Three researchers from UCLA’s Eli and Edythe Broad Center of Regenerative Medicine and Stem Cell Research have received Quest Discovery Program awards totaling approximately $6 million from the California Institute for Regenerative Medicine, the state stem cell agency. 

The awards, given to Dr. S. Thomas Carmichael, co-director of the UCLA Broad Stem Cell Research Center and professor and Chair of the Department of Neurology, April Pyle, associate professor in the Department of Microbiology, Immunology and Molecular Genetics, and Scott Kitchen, associate professor of Medicine in the Division of Hematology and Oncology, were announced at a meeting of the Independent Citizens Oversight Committee, CIRM’s governing body on December 14, 2017.

CIRM established the Quest Discovery Program to support the development of promising novel stem cell-based technologies that will be ready for translational studies within two years.

Dr. Carmichael’s $2,096,095 award will fund his efforts to develop a patient-specific stem cell therapy for tissue repair in white matter stroke and vascular dementia, a progressive dementing condition with no current therapy. Stroke is the leading cause of adult disability; white matter stroke accounts for 30 percent of all stroke cases and primarily affects glial cells, which form the connecting areas of the brain. White matter stroke is the second leading cause of dementia and can increase the incidence and progression of Alzheimer’s disease.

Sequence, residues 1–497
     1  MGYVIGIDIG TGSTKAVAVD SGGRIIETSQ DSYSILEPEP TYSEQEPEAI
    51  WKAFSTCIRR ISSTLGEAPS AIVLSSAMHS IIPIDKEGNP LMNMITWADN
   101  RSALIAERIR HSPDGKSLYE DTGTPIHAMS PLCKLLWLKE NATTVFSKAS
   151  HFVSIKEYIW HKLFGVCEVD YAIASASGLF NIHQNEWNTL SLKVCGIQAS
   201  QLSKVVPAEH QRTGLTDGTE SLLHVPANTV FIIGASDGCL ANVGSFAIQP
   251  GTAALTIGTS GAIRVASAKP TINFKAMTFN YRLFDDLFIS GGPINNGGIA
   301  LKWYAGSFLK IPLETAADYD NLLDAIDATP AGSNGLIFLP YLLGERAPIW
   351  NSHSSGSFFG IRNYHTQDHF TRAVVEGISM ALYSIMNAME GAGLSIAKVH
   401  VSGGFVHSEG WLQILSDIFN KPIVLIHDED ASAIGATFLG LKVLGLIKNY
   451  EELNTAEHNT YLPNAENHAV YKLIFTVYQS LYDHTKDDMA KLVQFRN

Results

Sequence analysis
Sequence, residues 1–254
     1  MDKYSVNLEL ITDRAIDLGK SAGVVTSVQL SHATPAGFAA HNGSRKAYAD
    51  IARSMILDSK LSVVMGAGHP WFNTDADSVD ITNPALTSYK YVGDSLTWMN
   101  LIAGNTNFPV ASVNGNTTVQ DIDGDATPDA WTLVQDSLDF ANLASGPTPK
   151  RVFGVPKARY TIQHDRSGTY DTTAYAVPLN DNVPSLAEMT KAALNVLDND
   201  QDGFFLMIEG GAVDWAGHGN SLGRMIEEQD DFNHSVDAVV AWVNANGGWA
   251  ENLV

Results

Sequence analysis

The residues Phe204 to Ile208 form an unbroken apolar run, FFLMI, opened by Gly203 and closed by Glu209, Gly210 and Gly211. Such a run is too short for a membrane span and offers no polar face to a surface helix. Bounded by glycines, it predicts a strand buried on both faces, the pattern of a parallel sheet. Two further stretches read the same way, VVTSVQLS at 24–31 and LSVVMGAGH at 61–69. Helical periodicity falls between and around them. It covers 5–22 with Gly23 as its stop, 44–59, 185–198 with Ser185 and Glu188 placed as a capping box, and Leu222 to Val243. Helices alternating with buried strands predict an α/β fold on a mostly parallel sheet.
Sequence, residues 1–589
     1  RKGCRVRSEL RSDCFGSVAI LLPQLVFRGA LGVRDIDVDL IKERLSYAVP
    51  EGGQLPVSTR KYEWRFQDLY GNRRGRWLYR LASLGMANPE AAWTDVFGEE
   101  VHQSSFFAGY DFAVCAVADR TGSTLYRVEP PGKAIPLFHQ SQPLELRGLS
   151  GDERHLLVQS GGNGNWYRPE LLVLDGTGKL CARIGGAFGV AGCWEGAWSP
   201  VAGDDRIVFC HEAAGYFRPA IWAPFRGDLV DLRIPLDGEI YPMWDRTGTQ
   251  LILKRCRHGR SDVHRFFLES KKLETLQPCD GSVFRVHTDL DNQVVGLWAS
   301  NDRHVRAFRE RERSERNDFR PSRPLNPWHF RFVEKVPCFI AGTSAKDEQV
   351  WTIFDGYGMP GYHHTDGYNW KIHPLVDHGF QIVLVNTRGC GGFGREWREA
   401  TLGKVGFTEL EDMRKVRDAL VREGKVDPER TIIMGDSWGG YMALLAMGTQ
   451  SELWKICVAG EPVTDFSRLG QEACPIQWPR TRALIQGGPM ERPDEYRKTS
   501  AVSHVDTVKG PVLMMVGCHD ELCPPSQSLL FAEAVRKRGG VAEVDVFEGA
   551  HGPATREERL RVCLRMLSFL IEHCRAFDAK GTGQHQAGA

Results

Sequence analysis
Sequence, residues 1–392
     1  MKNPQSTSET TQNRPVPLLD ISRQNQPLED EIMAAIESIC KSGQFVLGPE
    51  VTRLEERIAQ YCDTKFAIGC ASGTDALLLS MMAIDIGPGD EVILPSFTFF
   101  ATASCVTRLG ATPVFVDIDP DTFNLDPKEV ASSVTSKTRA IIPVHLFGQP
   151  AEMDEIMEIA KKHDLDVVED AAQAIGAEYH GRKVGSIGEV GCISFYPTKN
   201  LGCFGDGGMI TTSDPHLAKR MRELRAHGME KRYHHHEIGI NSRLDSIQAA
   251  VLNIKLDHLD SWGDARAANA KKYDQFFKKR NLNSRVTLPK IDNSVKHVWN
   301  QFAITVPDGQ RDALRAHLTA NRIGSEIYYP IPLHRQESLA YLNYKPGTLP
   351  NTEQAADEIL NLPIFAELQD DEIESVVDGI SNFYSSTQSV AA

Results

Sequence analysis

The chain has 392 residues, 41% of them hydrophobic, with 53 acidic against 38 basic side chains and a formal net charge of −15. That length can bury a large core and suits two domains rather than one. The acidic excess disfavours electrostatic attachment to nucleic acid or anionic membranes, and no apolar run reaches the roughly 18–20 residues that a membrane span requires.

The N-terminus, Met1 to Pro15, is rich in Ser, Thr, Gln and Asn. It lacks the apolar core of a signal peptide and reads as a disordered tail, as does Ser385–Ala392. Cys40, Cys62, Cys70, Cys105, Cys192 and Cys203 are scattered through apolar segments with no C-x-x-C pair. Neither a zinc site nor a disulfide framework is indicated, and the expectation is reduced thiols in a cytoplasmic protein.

Dr. Carmichael and his team intend to develop a novel stem cell line of induced pluripotent stem cell - glial enriched progenitor cells, which will regenerate glial cells to promote tissue repair and recovery in stroke and dementia in animal models.  The goal of this pre-clinical work is to set the foundation for a future application to the Food and Drug Administration to conduct a clinical trial using this cell therapy.

Pyle’s $2,184,000 award will support her work to develop a stem cell therapy for muscle wasting diseases such as Duchenne muscular dystrophy. Duchenne affects approximately one in 5,000 boys in the U.S. and is the most common fatal childhood genetic disease. Duchenne causes abnormally low production of a protein that is essential to the growth and function of muscle fibers. The hallmark pathology of Duchenne, muscle degeneration and weakness, usually onsets in early childhood; patients gradually lose mobility and typically die from heart or respiratory failure around age 20.  There is currently no way to reverse or cure the disease.

Pyle’s lab studies the natural process of human muscle stem cell development in order to develop strategies to direct human pluripotent stem cells to mature into muscle stem cells that can respond to continuous injury and regenerate new muscle long-term.  Pyle’s ultimate goal is to develop a patient-specific cell replacement therapy for boys with Duchenne.

Kitchen’s award of $1,701,178 will fund his work with fellow stem cell center member Jerome Zack, a professor of Medicine and Chair of Microbiology, Immunology and Molecular Genetics, to uncover a therapeutic approach to treat and potentially cure HIV infection using genetically modified blood-forming stem cells. HIV is a condition in which progressive failure of the immune system allows life-threatening infections and cancers to thrive. Because there is no cure available for HIV, patients require treatment with antiviral medications throughout their lifetime.

Kitchen and Zack’s proposed HIV therapy will use an optimized chimeric antigen receptor (CAR) to genetically modify blood stem cells to enhance the immune system’s natural response to HIV. A stem cell-based therapy has the potential to provide an inexhaustible source of protected, HIV-specific immune cells that could eradicate the virus from the body.

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